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Saturday, April 30, 2011

How to Analyze Your Games

      Do not just plug a game into an engine to see where you went wrong; you won’t learn anything. First, as soon as possible after the game write down quick notes. Be especially careful to make a note of positions where you had to make a difficult decision.
      When analyzing an opening write down your thoughts on the line played and then refer to your opening database or books to see if it’s “book” and, if it is, was the line considered good or bad for one side. You need to review a few annotated master games on the variation played so you’ll get a better understanding of the ideas and correct handling of the line played.
      After the game gets out of the book, you’re in the middlegame and you should write down why you decided to play the move you selected.  Don’t be surprised if there are times when you don’t know why you played a move.  For whatever reason, it seems that many time amateurs just play a move.  It’s the kind of thing that drives Jeremy Silman nuts and I once witnessed an IM going over the game with an average player and he kept asking, “Why did you play that?”  You’d be surprised how many times the answer was a blank stare and a mumbled, ‘I’m not sure.”  Be sure to list tactical ideas and possible sacrifices you considered. If you had a plan, indicate what it was.
      In the ending, if you reached one, try to come up with a winning plan or drawing plan as required.
      Only now are you ready to plug the game into your engine.  Now, this is important: analyze with more than one engine. Why?  Because engines evaluate positions using an algorithm and different engines use different values in their algorithms. One engine might value space more highly than while another engine will place a higher value pawn structure. The result is likely to be different results from different engines.  This is valuable information because the engines will be pointing out various lines that can then be checked out. 
      Pay special attention to the positions where you couldn’t find a good move.  Did you just blunder due to missing the obvious or were you just plain careless? Or was it because you did not understand the position or didn’t know how to play the ending?  The answers will tell you what you need to study.  If you are like me, more than likely you’ll find the problem to be more than just being a tactical dunce.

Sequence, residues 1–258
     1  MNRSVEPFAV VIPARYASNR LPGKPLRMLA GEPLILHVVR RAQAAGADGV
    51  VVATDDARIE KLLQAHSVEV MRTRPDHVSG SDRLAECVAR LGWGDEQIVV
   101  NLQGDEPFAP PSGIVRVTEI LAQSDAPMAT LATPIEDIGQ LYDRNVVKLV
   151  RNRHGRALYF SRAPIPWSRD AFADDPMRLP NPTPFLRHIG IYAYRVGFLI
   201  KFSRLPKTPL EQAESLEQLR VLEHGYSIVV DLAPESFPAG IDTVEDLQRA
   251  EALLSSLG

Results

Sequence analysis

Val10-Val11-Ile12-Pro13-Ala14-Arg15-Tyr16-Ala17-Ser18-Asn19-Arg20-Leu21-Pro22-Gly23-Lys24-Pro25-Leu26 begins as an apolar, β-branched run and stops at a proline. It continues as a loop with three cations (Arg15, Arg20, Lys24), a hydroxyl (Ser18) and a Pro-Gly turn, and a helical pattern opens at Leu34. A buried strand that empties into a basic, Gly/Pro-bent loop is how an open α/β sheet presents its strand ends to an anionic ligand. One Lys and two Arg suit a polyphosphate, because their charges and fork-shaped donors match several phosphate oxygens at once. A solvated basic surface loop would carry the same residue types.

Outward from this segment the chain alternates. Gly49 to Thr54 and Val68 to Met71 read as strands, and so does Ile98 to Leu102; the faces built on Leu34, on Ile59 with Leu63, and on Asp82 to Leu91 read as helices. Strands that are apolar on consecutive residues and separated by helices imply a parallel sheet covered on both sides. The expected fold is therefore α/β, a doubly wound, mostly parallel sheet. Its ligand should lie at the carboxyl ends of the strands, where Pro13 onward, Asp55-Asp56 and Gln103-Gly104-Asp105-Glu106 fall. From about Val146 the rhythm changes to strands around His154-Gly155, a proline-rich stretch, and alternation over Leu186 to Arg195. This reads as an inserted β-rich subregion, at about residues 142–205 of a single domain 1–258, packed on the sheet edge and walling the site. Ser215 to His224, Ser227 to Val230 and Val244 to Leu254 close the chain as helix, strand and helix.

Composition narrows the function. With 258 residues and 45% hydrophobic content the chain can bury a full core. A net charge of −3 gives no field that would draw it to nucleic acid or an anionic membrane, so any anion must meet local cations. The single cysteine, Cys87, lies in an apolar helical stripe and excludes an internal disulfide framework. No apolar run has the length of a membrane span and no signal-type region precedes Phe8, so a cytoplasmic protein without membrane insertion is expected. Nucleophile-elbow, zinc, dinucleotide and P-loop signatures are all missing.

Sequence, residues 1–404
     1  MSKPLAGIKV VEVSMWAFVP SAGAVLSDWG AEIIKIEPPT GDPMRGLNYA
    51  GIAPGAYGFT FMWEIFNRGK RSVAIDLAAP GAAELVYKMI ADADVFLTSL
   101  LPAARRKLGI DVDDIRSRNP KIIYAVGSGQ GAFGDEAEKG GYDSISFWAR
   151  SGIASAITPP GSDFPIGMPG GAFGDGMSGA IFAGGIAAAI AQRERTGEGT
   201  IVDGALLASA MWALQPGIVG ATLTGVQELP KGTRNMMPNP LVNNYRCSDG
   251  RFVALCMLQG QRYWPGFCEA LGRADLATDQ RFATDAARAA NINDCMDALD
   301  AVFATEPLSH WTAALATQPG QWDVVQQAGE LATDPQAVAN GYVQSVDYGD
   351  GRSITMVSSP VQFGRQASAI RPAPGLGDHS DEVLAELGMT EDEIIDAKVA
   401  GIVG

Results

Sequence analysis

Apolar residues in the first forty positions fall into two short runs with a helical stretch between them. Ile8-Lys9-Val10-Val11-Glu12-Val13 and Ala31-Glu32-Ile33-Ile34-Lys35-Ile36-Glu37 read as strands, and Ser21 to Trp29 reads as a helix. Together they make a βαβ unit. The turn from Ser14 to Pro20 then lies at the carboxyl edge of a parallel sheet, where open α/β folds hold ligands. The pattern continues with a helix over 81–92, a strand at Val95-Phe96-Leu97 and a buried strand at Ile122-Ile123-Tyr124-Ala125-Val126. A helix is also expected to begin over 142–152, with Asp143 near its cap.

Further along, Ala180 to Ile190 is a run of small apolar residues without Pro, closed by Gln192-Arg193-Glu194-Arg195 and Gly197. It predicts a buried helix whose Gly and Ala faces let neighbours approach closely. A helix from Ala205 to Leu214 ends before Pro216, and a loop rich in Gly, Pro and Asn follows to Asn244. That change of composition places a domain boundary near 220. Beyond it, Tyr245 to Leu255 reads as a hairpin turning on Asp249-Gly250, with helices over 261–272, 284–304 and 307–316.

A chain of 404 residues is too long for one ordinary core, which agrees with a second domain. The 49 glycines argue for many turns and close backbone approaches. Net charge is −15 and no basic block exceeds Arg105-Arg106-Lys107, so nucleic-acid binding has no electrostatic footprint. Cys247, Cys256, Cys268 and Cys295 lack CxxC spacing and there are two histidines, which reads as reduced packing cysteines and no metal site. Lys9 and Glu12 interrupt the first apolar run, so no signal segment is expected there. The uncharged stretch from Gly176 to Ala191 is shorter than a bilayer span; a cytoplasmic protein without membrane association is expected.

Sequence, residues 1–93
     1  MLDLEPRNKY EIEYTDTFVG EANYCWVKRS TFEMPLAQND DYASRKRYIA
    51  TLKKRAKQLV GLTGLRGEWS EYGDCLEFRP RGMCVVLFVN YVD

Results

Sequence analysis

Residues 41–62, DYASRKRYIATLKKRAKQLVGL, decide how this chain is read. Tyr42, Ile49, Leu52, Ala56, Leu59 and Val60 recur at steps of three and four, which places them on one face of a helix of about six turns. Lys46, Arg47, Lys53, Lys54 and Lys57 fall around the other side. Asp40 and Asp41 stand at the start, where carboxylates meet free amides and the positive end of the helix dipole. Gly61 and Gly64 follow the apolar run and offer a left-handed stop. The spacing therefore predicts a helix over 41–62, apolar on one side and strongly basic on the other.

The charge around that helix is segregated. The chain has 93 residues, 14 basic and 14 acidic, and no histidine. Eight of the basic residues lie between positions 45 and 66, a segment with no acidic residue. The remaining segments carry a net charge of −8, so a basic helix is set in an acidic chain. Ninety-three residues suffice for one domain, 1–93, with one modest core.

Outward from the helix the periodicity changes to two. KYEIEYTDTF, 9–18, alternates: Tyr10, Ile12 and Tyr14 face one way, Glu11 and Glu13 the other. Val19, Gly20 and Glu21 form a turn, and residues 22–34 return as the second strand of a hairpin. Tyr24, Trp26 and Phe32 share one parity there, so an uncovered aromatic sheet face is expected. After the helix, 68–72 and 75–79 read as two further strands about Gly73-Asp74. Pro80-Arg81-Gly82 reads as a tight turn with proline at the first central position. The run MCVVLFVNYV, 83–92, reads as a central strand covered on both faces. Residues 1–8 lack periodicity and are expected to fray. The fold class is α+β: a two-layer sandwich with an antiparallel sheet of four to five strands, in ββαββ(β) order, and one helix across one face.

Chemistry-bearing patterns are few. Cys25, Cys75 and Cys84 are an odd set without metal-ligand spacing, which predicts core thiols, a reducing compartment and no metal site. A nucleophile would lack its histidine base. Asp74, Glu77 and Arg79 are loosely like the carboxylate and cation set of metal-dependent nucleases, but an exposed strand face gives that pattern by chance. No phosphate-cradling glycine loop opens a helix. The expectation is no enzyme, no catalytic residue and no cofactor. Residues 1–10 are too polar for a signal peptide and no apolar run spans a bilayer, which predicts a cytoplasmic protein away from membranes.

This really has little to do with analyzing with engines, but even if you’re booked up on openings do you know how to play the position when your opponent plays something you haven’t seen? This can be a problem even in CC.  Despite my opening books on the Torre Attack and my 3 million game db a recent CC opponent got me out of the books after 3 moves! 1.d4 d5 2.Nf3 Nf6 3.Bg5 h6.  What?!  Black usually plays …e6, …Ne4, …c6, etc.  The move …h6 is usually played after …e6 but it’s not bad here.  I never saw his move in this position before and couldn't find it in my db; we are on our own.  White can either play 4.Bh4 or 4.Bf4, but must realize the two moves lead to completely different types of games.
      In another game in which I was Black against a CC opponent rated nearly 2500, the opening went:    1.e4 c5 2.Nf3 d6 3.Bb5+ Bd7 4.Bxd7+ Qxd7 5.c4 Nc6 6.Nc3 g6 7.d4 Bg7 A very interesting novelty played in Shirov-Kasparov, Erevan Olympiad, 1996. Now White has a hard choice between 8.Be3, which is completely unpretentious because the B normally aims for g5 in this system and the move played. 8.d5 Bxc3+ 9.bxc3 Na5 10.Nd2

      Shirov says that the text looks rather slow, and that for the moment is it not necessary to defend the P but gave no further analysis because he played 10.0–0. We were on our own after only 10 moves.
      Consider the following position:

       This position arose in a game played in the finals of the 1972 US Open CC Championship. My opponent was a former competitor in the US Closed Championship and at one time was one of the top rated players in the US.
       It was my move and the opening pamphlet I was using gave the moves 18.f5 Nc5 which leads to a position with equal chances, so that’s what I played without even thinking about it. Looking at the position while awaiting Black’s reply, I asked myself what would happen if he played 18…Ne5 instead. That move would centralize the N and gain time by attacking the Q. Then when the Q moves off the f-file, there is no attack along it after fxe6. If the Q goes to f4 the N is covering f7 and the Q is exposed to …Rf8 after opening the f-file and White has no attack.
       All I could do was wait and hope Black played the “book” move; he didn’t. He played 18…Ne5 and I tried 19.Qg3 and lost quickly. That’s when he asked me if I was using that particular booklet and said, “There’s a mistake in it.” This was a lesson I never forgot...don't blindly trust opening books.

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